People: Glen Paulsen
City: Bloomfield Hills
The Paulsen House is a modest, one-story residence with a low-slope, side-gabled roof with moderate overhangs and exposed rafters. The large lot is generally flat and contains clusters of large mature trees and shrubs. Portions of the backyard are more formally landscaped, while the front of the house is in a more natural state. The building has a rectangular plan with the longest elevation facing the street. The long facade is broken up into a series of bays based on an eight-by-nine-foot module. The bays are framed in dark wood trim and each is divided horizontally into three distinct sections. The lowest portion of each bay contains wood paneling painted white; the center section of the bay contains a wood window that spans the width of the bay; and the upper section contains wood paneling painted bright yellow. This pattern is modified in the southern-most bay, which contains two vertically oriented windows and a vertical wood panel painted yellow. There is a two-car garage at the north end of the house. An open breezeway that originally existed between the house and the garage has been enclosed. The house’s main entrance is recessed in the center of the facade. The end elevations are clad in vertically oriented boards. Some of the bays on the rear elevation are fully glazed with fixed panels or sliding doors while the others contain two windows that take up the upper two-thirds of the bay.
The Paulsen House was designed in the early 1950s by architect Glen Paulsen for himself, his wife Virginia, and their two children. An important feature of the house was a “sound-proof” wall designed by Paulsen so that his children could enjoy listening to music in their bedrooms without disturbing the rest of the family in the adjacent living space.
Paulsen attended the University of Illinois and then earned his architecture degree in 1947 from the University of Pennsylvania. The following year he was awarded a fellowship by the American Scandinavian Foundation and traveled to Stockholm, Sweden, to study at the Royal Academy of Arts where he received a diploma in architecture and city planning. He worked in the office of Eero Saarinen and Associates during the early 1950s and also spent a short time with Knoll Associates in New York City, after which he joined the faculty of the University of Michigan in 1958. This same year he began his own practice. In 1965 he accepted the position of president and head of the graduate program in architecture at the Cranbrook Academy of Art. He later returned to teach at the University of Michigan in the 1970s. During this same period he merged his own practice with the architectural firm of Tarapata and McMahon to form the firm of TMP, which exists today.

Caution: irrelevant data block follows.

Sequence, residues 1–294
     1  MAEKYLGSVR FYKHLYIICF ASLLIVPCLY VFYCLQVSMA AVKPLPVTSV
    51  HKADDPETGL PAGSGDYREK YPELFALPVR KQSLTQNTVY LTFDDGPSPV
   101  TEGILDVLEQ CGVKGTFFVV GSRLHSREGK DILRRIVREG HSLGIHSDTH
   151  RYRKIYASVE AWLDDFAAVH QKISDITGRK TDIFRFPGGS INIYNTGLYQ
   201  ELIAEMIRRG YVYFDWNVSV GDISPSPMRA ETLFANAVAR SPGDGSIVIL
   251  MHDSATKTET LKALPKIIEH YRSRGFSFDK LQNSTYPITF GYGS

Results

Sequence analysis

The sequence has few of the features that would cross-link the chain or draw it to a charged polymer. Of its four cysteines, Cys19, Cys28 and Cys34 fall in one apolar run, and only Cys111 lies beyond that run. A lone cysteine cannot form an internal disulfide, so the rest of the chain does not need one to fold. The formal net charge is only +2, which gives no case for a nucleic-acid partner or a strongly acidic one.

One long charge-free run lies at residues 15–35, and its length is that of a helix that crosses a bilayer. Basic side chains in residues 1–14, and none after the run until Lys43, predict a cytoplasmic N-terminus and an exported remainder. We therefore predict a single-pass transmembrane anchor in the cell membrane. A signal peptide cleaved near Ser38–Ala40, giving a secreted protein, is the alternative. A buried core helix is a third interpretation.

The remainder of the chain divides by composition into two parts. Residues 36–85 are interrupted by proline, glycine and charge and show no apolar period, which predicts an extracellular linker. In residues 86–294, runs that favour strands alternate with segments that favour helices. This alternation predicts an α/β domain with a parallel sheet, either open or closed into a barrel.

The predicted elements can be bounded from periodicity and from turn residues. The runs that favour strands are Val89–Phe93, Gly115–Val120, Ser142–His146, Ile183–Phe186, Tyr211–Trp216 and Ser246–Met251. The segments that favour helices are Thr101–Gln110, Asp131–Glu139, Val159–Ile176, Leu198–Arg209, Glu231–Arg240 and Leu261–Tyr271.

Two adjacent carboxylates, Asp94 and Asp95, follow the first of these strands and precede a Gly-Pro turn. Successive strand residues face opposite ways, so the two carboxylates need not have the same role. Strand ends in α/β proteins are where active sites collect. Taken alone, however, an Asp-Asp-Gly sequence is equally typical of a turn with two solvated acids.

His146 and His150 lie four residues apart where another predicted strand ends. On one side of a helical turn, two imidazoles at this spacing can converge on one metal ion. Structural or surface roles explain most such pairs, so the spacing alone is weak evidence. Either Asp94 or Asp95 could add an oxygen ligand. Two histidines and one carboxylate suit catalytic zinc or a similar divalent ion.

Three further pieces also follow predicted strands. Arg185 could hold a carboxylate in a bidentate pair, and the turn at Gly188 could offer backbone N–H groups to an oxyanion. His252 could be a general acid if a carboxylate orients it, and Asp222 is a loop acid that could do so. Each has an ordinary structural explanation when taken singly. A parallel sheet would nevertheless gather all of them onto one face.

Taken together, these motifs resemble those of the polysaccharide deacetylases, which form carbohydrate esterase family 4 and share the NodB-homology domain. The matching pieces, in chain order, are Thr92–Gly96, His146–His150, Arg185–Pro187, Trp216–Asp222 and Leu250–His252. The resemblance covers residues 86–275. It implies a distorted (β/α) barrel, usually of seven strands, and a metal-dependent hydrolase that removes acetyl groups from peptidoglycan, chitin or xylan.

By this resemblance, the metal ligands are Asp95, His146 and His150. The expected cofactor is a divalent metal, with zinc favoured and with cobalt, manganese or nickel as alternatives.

The Paulsens lived in the house for approximately ten years after which they sold it to Bernard and Norma Goldman in 1965. The Goldmans, who became friends with the Paulsens, were professors at Wayne State University and had one child. Bernard M. Goldman was a professor of art history and his wife Norma taught Latin at the university for more than forty-eight years. Both were accomplished writers and academics. The Goldmans did not make any significant changes to the house. Bernard Goldman died in 2006 and Norma Goldman died in 2011.